For the sake of relatives that will be visiting us soon, I won't mention where I found this spider. Suffice to say, she was not inside the house. I was actually wondering how long it would be before I saw my first Black Widow. Sonja first spotted it last night, but just stood back and pointed at it. It was pretty dark outside, and by the light of our headlamp I wasn't quite sure what kind it was until I got pretty close. Then I saw the red hourglass on her abdomen.
I readily admit that my first reaction when I saw that was to flinch. My heart started racing and that irrational, primal fear started to emerge. I knew we would eventually find some of these around our house, but I was surprised how creeped out I was by it. All I could think of as I fell asleep that night was the fact that there was a "deadly spider" living outside our home. But I know better. I'm a biologist, for crying out loud. I know that the chances of getting bit by one are almost nonexistant...unless I go out and start poking it. I am concerned about our pets getting bitten, though. Particularly Annie, due to her small size and the fact that she likes to play with crawlie things. I think it was just because it was the first one I had ever seen. Cuz tonight, as I was taking these pictures, I was much more fascinated by her than repulsed. As you can see, she really is a stunningly beautiful creature (only the females of the genus look like this...the males are less than half this size).
So, black widow spiders (this one is a western black widow) are surprisingly common throughout the United States, and even into Canada. The genus (Latrodectus) is found worldwide, with all species possessing a powerful neurotoxin (the same type of venom found in cobras and coral snakes). Despite the potency of this venom, bites from these spiders rarely result in death, due primarily to the tiny fangs (less than 1mm long) and the miniscule amount of venom injected. The bite of a black widow results in the clinical syndrome known as latrodectism (named for the genus of which these spiders belong). As the name "neurotoxin" implies, it affects the nervous system, causing convulsions and intense pain. You can compare this to hemotoxin, such as that possessed by rattlesnakes and other pit vipers, that affects the blood.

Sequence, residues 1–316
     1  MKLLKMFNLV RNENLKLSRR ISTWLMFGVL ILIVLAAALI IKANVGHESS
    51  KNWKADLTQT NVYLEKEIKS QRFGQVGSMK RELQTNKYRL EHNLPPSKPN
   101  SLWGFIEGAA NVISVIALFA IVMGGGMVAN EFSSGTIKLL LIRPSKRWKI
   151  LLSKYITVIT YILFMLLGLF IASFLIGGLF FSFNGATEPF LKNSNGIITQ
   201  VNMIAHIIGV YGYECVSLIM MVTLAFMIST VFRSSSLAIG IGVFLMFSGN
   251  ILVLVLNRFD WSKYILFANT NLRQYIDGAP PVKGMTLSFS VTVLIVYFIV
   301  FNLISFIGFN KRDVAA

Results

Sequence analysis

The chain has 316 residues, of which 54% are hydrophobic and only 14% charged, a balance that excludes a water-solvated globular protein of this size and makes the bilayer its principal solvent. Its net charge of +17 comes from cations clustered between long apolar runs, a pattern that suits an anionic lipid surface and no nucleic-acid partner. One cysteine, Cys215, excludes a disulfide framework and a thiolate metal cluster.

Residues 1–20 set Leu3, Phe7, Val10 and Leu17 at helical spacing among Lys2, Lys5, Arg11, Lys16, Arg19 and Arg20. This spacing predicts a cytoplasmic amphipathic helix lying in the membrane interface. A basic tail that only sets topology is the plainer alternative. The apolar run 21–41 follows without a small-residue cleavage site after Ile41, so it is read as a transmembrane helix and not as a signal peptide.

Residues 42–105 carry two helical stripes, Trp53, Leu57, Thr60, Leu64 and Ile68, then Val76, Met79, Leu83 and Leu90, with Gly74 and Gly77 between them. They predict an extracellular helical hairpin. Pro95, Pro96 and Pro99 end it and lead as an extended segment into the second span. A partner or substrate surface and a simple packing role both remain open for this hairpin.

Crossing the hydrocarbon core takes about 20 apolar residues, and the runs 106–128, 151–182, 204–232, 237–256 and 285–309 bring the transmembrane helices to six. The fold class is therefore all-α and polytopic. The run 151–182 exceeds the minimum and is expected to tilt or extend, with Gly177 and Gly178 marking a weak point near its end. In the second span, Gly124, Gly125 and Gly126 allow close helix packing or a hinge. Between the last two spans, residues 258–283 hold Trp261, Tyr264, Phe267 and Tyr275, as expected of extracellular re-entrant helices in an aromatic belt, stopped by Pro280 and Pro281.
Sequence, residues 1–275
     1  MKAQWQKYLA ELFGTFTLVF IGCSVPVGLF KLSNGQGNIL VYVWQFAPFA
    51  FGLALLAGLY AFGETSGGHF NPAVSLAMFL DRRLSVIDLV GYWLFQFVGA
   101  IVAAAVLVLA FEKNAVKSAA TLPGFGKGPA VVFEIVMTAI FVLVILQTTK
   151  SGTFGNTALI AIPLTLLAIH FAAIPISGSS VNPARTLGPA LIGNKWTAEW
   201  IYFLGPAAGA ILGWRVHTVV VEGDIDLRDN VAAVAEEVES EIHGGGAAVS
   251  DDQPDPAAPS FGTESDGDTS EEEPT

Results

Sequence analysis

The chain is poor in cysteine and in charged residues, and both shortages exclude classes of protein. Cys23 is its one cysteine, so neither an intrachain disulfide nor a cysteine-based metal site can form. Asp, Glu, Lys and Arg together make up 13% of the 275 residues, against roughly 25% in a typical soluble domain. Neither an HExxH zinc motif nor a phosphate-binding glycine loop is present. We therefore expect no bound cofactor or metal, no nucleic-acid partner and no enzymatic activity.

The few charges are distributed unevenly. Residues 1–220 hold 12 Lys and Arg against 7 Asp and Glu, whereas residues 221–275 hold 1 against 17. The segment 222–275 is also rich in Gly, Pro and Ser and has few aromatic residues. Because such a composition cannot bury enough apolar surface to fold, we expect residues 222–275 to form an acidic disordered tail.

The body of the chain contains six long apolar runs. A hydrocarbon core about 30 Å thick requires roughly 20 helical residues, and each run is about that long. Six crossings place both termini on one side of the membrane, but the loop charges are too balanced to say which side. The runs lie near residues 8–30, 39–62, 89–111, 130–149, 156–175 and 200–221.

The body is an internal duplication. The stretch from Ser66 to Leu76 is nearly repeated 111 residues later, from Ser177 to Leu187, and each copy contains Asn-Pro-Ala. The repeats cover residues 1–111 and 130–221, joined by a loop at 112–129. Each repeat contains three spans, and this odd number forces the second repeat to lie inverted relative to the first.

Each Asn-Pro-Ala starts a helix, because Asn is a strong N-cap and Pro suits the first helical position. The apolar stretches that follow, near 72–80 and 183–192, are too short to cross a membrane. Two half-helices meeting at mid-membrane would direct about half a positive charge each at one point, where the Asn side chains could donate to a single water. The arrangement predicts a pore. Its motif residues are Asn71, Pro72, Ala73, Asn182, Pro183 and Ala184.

Black widows tend to prefer living in the clutter that people often surround themselves with and as a result, out of all the venomous spiders in the world, more people are bitten by them than any of the more dangerous species. However, according to Wikipedia (and if it's on Wiki, it's gotta be true), there have only been 63 confirmed deaths from black widow bites in the U.S. between 1950 and 1989. That's well under 1% of reported bite victims.
I also thought this was interesting (taken from Wiki's black widow spider page):
Improvements in plumbing have greatly reduced the incidence of bites and fatalities in areas where outdoor privies have been replaced by flush toilets. Nearly ninety percent of the black widow bites reported in the medical literature of the first 4 decades of [the twentieth] century were inflicted on the male genitalia by spiders lurking underneath the seats of outdoor toilets.Good thing there are no black widows living in Fairbanks, eh?
Black widows are surprisingly shy. When I tried taking a second picture of her she quickly disappeared under the eave, only emerging again after this moth flew into her messy web.
I really like this picture, since you can see her very characteristic body shape. I got to watch her wrap up this moth for a couple minutes, until she decided she wanted a bit more privacy and carried it back under the eave.
Finally, I thought I'd add a photo of our thermometer that Sonja took on Sunday. Since we moved here, we've broken 100 degrees three times, all within the last week. This is pretty unusual for early May, though. Normal highs this time of year are about 10 degrees cooler. It shouldn't be getting that hot until later in June and July. Even so, the temps really aren't as bad as I thought...unless you're stupid enough to stand out in the sun. Then it sucks. But as soon as you find some shade it's surprisingly comfortable.